In the course of an hour the visionary had dispensed his approval to a large number of followers for this latest phase of his project. At the same time the boisterous, aggrieved group in the square had grown in number and was demonstrably drowning out the happy cheers of all the others. He could no longer ignore this brawling mass that had been pushing itself forward impetuously to his feet. This was the annoying black spot that refused to go away in the whole affair—the pertinacious belief of some that they had not been given a fair deal though they had themselves been honest all along. It was a little before midday and many more people were expected to enlist in the experiment before the close of day. Well, it was time to dispose of the matter and, if necessary, admonish the stubborn roistering group for its foolishness.

So the visionary set about the task in right earnest. He set his glasses a little farther on the bridge of his nose. For the time being his pursuit was one of condescension toward some cankered creatures who would not heal unless subjected to persuasion and a measure of ridicule. Once this quite unnecessary diversion had been put aside, he could return to the more serious endeavor in hand. As a matter of fact, the throng that was bounding at the low platform displayed a vehemence and an ardor that, were they not of the species of meteoritic flashes, might well rival the more stable energy and determination that the visionary had succeeded in evoking in a greater number of people for the common good. When with his gestures and adjurations he had brought the noise to a decently susurrating level, one angry charge after another was thrust up against the other side that was party to the round of exchanges. In a number of instances the other side itself was present and had a similar charge to prefer in turn.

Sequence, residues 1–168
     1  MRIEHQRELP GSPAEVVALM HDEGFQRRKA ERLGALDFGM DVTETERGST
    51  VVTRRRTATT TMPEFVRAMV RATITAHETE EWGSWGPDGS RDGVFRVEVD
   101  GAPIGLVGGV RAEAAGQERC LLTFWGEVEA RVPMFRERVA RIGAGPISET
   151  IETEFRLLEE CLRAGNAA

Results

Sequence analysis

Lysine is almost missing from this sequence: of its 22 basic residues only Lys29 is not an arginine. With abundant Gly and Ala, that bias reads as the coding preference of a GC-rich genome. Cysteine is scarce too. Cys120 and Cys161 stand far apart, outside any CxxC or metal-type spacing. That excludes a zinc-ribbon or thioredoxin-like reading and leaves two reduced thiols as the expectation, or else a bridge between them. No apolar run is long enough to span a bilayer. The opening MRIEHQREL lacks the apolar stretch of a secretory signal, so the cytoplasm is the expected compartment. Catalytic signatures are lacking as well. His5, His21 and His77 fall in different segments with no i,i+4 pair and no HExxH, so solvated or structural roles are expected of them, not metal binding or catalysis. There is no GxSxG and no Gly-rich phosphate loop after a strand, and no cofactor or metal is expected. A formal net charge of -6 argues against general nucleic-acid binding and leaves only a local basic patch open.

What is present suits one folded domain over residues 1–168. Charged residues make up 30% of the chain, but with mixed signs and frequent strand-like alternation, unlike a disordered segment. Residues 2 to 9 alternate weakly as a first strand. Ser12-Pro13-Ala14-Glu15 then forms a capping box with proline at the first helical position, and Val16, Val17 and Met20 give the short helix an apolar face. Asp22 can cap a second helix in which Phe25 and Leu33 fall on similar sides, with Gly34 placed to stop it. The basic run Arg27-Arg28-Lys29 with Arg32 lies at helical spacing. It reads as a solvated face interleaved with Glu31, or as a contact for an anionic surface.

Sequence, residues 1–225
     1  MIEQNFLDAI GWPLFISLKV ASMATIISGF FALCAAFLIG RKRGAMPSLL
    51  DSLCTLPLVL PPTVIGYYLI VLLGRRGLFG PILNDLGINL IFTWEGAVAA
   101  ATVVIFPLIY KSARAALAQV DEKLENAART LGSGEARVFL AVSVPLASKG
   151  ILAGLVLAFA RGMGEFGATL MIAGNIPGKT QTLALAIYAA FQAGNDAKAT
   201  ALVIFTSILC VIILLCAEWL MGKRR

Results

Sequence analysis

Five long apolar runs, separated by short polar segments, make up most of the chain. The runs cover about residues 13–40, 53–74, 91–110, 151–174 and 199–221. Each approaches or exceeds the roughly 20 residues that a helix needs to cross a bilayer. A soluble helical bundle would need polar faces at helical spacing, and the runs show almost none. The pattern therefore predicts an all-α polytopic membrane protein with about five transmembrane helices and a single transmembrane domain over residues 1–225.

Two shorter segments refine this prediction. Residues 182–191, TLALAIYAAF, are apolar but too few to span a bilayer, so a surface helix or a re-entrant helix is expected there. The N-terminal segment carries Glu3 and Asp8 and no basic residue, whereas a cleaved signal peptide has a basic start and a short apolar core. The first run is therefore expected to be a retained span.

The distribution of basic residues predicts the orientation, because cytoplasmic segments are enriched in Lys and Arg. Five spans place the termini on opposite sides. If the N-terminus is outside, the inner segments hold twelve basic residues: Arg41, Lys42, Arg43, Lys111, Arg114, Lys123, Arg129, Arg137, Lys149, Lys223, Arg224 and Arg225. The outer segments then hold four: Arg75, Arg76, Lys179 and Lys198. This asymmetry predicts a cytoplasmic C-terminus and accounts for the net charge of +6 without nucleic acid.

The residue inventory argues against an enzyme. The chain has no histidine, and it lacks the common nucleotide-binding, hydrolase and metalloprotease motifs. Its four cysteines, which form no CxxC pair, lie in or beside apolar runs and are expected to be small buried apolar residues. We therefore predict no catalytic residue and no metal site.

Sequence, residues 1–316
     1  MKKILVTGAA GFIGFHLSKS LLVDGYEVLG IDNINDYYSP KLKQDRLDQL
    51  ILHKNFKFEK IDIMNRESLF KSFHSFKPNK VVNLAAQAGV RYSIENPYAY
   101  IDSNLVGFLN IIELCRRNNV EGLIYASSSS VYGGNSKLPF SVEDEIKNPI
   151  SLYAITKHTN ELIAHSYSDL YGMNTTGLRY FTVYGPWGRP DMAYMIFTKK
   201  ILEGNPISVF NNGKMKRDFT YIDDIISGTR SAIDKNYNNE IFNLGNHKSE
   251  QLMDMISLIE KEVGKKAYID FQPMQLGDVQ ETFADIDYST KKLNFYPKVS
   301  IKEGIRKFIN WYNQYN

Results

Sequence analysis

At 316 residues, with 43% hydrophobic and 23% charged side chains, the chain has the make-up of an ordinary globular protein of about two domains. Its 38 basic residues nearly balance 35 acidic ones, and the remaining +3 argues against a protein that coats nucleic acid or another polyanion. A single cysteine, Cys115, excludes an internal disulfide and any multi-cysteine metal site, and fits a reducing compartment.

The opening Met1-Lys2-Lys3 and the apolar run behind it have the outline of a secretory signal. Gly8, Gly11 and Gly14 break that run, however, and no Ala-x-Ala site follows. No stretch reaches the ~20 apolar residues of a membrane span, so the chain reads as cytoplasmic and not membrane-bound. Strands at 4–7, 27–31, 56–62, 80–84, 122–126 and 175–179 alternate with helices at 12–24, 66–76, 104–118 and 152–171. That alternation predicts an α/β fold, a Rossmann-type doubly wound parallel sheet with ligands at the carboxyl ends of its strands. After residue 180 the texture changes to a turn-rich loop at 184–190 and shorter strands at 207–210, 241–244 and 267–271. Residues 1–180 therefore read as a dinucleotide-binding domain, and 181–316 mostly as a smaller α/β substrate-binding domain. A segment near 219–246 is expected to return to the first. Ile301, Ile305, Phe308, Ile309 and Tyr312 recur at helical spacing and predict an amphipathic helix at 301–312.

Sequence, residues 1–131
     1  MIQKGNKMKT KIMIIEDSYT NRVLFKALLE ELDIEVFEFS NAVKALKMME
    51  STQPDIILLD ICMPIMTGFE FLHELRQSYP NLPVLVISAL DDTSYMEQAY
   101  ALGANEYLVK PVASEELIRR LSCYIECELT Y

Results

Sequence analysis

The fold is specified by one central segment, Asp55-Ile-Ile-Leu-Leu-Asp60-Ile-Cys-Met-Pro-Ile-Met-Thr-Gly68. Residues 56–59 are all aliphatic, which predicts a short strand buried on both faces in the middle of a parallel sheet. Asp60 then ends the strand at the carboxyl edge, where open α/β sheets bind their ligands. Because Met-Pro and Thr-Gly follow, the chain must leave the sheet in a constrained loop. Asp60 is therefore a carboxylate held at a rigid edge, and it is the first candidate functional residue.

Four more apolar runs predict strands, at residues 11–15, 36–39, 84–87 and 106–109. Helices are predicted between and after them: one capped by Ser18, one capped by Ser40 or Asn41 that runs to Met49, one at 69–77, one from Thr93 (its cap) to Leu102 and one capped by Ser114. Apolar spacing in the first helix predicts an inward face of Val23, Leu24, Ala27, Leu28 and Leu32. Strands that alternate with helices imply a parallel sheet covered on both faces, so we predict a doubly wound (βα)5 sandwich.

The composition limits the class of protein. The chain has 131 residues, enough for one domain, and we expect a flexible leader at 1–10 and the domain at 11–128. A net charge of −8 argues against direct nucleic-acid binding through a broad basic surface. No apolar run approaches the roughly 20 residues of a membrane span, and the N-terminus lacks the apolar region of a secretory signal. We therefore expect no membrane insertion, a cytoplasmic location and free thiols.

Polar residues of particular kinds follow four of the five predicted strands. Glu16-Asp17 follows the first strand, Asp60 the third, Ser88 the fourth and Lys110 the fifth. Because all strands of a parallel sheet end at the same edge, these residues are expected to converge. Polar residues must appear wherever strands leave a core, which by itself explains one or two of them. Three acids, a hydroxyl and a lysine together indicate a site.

It was told how upon their return it was noticed that the revered objects of the prayer room, which had been handed over in such deference, were smeared, faded, defaced, wrinkled, withered, lightened, dampened or corrupted. This horrible fact was apparent from the moment the items came back into the hand from which they had parted. Without the utterance of a single word other members of the family had understood that what had been given back was considerably altered from what they were accustomed to seeing. The dark deed was too arrant to overlook or pardon; surely the master who had come to the town to bring a glorious reign for the people would arraign the wrongdoers and restore the materials to their true worth. These bewailing folk shunned the idea of blaming him directly for what had allegedly taken place; the growing euphoria that was running like a contagion through the town was just too heady to relinquish with a gesture of that kind. The fault for the despicable outcome must lie with minds that were always plotting and scheming rather than the preacher himself.

By now the visionary had caught on to the realization that the path to the resolution of these ruffled tempers lay in the production of the very items that were at the centre of the disputes and that these were indeed in the possession of the yelling mass before him. He shouted a general order to the crowd to yield up the objects for minute objective scrutiny. From little osier baskets with taut, loop handles, a plethora of hands brought out the idols and figurines that had been returned to them under the terms of the exchange. The time had dragged on wearily to mid-afternoon and it was exacting a toll on the progress of the real experiment.